Tuesday, June 30, 2009

A little bit of Theory for my practice!!!!

Last one and then I'm going to talk about ideas. I love theory primarily because it can provide a universal languange for people to talk about their ideas, beliefs and values with out going into all the details but I think it might be useful to just give a brief outline of my theoretical framework and the key ideas that make me tick. I got this started on the last blog.

Frame Work for Practice

"Teaching is a practical and observable act. Pedagogy encompasses that act together with the purposes, values, ideas, assumptions, theories and beliefs which inform, shape and seek to justify it" (Alexander,2002, 2 cited in Singh & Richards, 2006).

With the quote above in mind, there are three broad theoretical perspectives that umbrella my framework for social work and my teaching philosophy. These include structuralism, post-modernism and critical theory. For me these lead to Empowerment theory which provides the value base for my work. There after anything goes as long as it fits the situation and my sense of integrity stays in tact.

Structuralism incorporates feminist, marxist, anti-discriminatory, anti-oppressive and radical empowerment theories. This part of my framework informs a strong commitment to social justice and human rights. A social justice perspective recognises oppressive power structures such as those existing in traditional teacher – student relationships and involves levelling the playing field so that education is accessible to anyone who wants it. Accessibility can include financial subsidising, and physical access but less tangible it also includes the right of individuals to access education which is non-discriminatory, non-oppressive, socially and culturally safe, respectful, appropriate and inclusive in terms of meeting the characteristics and needs of all students.

A social justice perspective sits comfortably with a student centred approach where such an approach de-emphasises the teacher as an expert instead of recognising the expertise that students bring. Teaching and learning from this perspective is based on co-construction and mutual empowerment in contrast to teacher directed learning.The structuralist school of thought focuses on the group or shared experience of oppression and marginalisation.

Postmodernism which is the second key theoretical perspective underpinning my philosophy draws attention to multiple realities, diversity and the unique experience of individuals. This understanding is crucial in terms of my teaching philosophy on multiple levels. It reminds me to keep my kete open and maintain an eclectic approach to teaching and learning. It keeps me reflective and flexible because I know that what worked for one student or one group of students will not necessarily work for the next. It explicitly informs my commitment to exploring students learning styles, culture, characteristics and needs.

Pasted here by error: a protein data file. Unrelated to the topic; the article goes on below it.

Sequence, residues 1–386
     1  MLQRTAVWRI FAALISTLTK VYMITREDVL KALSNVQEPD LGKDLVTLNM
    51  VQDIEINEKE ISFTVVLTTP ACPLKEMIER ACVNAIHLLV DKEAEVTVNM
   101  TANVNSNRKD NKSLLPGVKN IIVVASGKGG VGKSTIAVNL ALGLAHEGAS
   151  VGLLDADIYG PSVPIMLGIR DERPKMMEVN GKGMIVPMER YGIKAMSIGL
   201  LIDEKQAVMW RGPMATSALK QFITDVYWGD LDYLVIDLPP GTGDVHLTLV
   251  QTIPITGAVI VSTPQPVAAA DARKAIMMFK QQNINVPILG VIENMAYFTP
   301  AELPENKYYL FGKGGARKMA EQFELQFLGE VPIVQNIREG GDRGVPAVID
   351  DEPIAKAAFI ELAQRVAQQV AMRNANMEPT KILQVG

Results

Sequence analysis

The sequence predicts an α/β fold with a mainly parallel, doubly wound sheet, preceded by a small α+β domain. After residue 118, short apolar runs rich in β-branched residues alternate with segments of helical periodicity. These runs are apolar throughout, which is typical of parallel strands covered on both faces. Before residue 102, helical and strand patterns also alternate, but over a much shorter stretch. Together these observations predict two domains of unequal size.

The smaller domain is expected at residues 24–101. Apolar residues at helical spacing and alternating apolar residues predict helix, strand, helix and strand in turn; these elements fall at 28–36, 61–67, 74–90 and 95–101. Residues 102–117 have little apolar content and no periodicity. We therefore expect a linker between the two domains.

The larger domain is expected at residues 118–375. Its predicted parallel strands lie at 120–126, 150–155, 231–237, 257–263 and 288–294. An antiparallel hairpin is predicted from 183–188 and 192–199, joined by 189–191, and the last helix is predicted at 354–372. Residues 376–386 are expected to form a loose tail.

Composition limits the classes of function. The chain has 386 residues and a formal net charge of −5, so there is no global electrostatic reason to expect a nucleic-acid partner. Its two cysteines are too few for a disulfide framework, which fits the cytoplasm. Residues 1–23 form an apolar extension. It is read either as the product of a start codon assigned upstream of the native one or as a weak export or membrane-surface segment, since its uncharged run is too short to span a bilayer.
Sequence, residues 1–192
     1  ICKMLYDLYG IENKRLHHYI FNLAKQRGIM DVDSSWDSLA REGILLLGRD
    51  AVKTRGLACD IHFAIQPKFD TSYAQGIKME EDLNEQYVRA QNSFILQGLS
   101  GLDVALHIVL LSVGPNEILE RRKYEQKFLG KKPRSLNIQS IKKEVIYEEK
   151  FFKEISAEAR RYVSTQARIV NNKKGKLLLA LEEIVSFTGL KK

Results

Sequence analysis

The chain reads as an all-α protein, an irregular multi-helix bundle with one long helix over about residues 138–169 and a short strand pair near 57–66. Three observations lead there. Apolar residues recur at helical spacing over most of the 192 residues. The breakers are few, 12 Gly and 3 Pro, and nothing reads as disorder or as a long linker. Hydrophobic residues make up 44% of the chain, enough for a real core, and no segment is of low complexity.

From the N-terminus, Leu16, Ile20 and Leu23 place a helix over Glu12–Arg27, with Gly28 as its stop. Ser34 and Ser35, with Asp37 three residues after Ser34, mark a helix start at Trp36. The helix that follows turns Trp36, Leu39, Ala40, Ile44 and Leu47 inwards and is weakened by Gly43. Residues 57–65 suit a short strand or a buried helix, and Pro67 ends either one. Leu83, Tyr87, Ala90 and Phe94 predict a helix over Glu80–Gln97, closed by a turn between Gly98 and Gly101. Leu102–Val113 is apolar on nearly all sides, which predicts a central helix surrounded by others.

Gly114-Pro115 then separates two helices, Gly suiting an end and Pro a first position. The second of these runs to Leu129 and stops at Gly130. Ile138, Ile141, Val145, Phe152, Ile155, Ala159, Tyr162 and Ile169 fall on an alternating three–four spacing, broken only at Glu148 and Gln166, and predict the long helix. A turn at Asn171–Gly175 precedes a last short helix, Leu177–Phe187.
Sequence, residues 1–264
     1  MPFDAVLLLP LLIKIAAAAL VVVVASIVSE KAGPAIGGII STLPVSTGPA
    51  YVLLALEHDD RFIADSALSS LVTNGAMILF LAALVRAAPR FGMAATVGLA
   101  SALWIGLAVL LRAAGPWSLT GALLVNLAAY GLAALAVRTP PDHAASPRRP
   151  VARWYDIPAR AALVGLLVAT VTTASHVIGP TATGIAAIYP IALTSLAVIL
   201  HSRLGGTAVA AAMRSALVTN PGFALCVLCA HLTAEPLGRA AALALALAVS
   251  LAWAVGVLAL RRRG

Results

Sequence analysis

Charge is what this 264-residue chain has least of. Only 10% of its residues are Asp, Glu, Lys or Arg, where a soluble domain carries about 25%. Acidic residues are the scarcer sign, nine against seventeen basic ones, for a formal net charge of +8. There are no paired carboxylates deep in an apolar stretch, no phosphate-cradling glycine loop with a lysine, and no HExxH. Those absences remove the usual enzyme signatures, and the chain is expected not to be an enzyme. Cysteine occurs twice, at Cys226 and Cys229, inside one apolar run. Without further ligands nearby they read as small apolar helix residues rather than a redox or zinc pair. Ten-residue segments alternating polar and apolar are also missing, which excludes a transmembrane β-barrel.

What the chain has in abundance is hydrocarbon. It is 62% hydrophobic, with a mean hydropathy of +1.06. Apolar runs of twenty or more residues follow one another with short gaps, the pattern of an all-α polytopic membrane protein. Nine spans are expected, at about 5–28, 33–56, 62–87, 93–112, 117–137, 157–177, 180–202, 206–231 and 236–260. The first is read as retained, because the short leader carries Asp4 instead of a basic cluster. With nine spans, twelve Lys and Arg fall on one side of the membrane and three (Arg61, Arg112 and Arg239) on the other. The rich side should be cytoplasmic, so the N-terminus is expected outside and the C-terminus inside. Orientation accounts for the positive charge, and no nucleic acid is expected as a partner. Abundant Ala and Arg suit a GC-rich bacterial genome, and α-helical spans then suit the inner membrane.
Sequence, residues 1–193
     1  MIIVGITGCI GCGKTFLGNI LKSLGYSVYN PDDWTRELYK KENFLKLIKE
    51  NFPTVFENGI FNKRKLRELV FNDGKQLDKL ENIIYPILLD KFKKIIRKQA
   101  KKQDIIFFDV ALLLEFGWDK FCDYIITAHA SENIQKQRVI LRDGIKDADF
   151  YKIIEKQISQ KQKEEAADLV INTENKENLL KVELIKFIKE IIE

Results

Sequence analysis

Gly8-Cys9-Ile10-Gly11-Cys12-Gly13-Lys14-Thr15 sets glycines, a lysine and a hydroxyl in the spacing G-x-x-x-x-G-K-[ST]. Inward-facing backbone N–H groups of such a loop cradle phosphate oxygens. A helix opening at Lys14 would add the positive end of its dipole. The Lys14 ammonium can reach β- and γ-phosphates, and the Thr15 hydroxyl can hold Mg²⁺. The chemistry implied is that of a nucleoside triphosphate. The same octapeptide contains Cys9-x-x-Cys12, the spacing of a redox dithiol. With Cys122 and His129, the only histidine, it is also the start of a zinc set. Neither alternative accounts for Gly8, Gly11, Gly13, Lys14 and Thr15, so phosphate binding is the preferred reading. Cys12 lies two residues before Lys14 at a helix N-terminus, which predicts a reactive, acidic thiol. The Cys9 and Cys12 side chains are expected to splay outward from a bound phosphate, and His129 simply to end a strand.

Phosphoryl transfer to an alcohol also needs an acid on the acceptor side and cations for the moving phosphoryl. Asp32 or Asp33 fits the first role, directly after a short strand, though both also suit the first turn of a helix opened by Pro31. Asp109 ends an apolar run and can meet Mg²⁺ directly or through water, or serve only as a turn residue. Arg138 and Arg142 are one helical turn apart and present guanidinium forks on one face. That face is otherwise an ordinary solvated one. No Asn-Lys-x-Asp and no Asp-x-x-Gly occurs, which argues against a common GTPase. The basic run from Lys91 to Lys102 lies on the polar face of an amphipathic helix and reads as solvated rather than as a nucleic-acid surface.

Critical theory is a little more abstract but at it’s most simple it enables me to marry structuralist and post structuralist ideas around shared or collective realities and experience with the post modern emphasis on unique experience and individual realities. In short this means that both can be true – people do share experiences that result in the same or similar feelings. Feelings of oppression, stigma, internalised stigma, loss and so on. Simultaneously each experience a person has in the world does not define who they are, rather a person is a combination of all their experiences and the experiences of their ancestors and their children and the political, economic, social and spiritual climate in which they all exist, existed and will exist. The point being that though a person may share any number of experiences with others they are ultimately unique.

In terms of learning theories, one of the things that intrigues me about academia is the tendency towards negative critiquing. I am experimenting with positive critique – rather than looking for the negative, looking for the positive! I think hmm, what do I want to take from this idea for my kete. I guess it’s informed by the post modern and eclectic ideas in my framework.

That said, once upon a time and not very long ago I would have said I’m a constructivist girl all the way and Vygotsky’s my man when it comes to learning theories and this would have been in conflict with my own claim to post modernism. However the more aware I become of my own learning style the more aware I become that when all is said and done I’m really the ultimate in Piaget’s lone scientist – Just leave me a lone and let me consolidate! So as I mature as an academic and as an educator I find that more and more I’m thinking it’s all good – Each theory starts as one person’s idea which makes them all valid. Consequently I have in my kitty some behavioural tools and some cognitive tools and some cognitive behavioural tools, some cognitive humanist tools, some humanist feminist tools, some feminist psychoanalytical tools and quite a lot of constructivist tools too.

I'd like to talk in more detail about the recovery, aspirations and strengths models that I teach as they are absolutely relevant for flexible learning but I really must get on with my flexible learning ideas and presentation now.

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